Americas cup

America's Cup Class (ACC) boats practice racing in Bermuda

SoftBank Team Japan and defenders Oracle Team USA during practice racing.ACEA 2017 / Photo Austin Wong

“But today [Friday] was great. We’re still on our high-speed boards (heavy air boards) and even though we were a bit out of range for them in today’s conditions, we managed to have some good races, and some interesting line-ups outside of racing. We gathered a lot of useful information to feed into the design team.

“On the sailing side, we’ve been happier with our crew work. We’re trying to do a few things in our playbook differently and the guys have really responded well to the challenge.

"Also good to see Dean Barker and SoftBank Team Japan, beating Team New Zealand and Peter Burling by a healthy margin in their race today.

“The forecast is pretty light over the next few days, so we’re going to take a bit of time to make some scheduled upgrades before we sail again early next week.

“There’s still a lot of potential left untapped in our boat and crew work and as of today we have exactly four weeks to unlock as much of it as we can before the first race of the Louis Vuitton America’s Cup Qualifiers. There won’t be a lot of down time!”

Skipper and CEO of SoftBank Team Japan, Dean Barker, wrapped up the week encouraged at the rate at which the Japanese team is developing despite the increasing pressure mounting as racing is only 25 days away.

"The practice racing last week was incredibly valuable for the team. Racing periods like that put everyone under pressure and gives you the opportunity to go through all the small checks to make sure there’s nothing missing come race day.

"We’re really happy with how we’re going - at this point there’s nothing in it amongst the top teams. Good wins for us against all our competitors this week and really happy with some new modifications to the boat. There’s still plenty of new pieces the boat builders are fabricating and installing and we're taking delivery of several new items over the coming weeks - no one will know the hand each team holds until May 26th.

"The attitude of the team is what’s been impressive to me, you can see everyone here is digging in at the moment and working overtime knowing that it will only get harder with less time and more things to do. That attitude is what's going to help us be successful on the start line in a few weeks time."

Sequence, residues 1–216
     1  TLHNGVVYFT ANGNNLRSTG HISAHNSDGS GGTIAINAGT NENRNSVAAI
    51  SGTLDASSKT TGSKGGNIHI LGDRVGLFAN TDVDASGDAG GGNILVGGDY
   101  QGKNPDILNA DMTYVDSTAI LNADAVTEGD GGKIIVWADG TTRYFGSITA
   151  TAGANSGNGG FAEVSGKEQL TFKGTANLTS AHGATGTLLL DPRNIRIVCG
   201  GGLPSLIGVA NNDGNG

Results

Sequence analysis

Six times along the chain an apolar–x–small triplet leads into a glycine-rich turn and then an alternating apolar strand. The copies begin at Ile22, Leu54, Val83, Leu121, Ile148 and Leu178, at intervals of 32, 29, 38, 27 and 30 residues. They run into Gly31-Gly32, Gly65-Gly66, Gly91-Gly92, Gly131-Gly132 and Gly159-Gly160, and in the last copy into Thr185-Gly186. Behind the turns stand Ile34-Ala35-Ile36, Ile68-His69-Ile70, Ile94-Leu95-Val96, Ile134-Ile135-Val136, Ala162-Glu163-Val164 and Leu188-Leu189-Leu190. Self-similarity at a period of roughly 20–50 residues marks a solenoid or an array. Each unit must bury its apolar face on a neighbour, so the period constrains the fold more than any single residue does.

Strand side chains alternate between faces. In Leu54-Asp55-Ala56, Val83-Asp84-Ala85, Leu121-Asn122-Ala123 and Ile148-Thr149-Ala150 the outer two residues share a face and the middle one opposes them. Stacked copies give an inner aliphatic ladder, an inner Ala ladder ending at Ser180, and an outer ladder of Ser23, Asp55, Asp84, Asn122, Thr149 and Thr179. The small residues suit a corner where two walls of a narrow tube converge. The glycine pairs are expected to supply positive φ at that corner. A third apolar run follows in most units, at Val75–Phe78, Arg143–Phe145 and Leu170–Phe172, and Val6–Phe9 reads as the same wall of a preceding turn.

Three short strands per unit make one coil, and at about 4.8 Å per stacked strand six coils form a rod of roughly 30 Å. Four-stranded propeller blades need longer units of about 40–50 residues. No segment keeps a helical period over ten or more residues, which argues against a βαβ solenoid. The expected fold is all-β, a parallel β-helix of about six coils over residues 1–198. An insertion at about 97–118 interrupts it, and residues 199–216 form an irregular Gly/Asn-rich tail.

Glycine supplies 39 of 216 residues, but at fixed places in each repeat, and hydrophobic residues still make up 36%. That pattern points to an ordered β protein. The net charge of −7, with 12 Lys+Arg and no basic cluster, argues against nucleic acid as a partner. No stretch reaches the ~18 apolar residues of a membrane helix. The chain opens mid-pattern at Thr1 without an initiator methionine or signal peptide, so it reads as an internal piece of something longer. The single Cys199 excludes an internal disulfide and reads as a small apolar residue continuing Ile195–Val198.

Franck Cammas, Skipper of Groupama Team France added, “We’re barely a month away from the start of the competition. It’s the final straight. The sailors are focused on sailing a fine course and having a great race on the water. We’re working on the starts, the timings and all the maneuvers during a course. In fact, we’ll run through an entire course. At the same time, the shore team is continuing to develop the AC Class. There are always developments; the lack of time we have is frustrating, but at the same time, it’s rather good news as we know that we still have room to improve technically, particularly regarding the systems and the complicated parts, which require fine-tuning. The whole team is working flat out. Over the course of this last month, we’ll need to manage the sailing and preparation days as best we can. The schedule is complete right through until 26 May. Everyone has to focus on their task so as to ensure we perform as well as possible during the elimination rounds.”

Glenn Ashby, Skipper, Emirates Team New Zealand added his thoughts on the first day of practice racing for the Kiwi team, saying, “We learnt plenty today, but the main thing that sticks out is just how close all of the boats are in performance, and therefore how close the racing is going to be. It could very well come down to the finest design detail or smallest mistake on the water that is the difference between winning and losing at any stage of the competition.”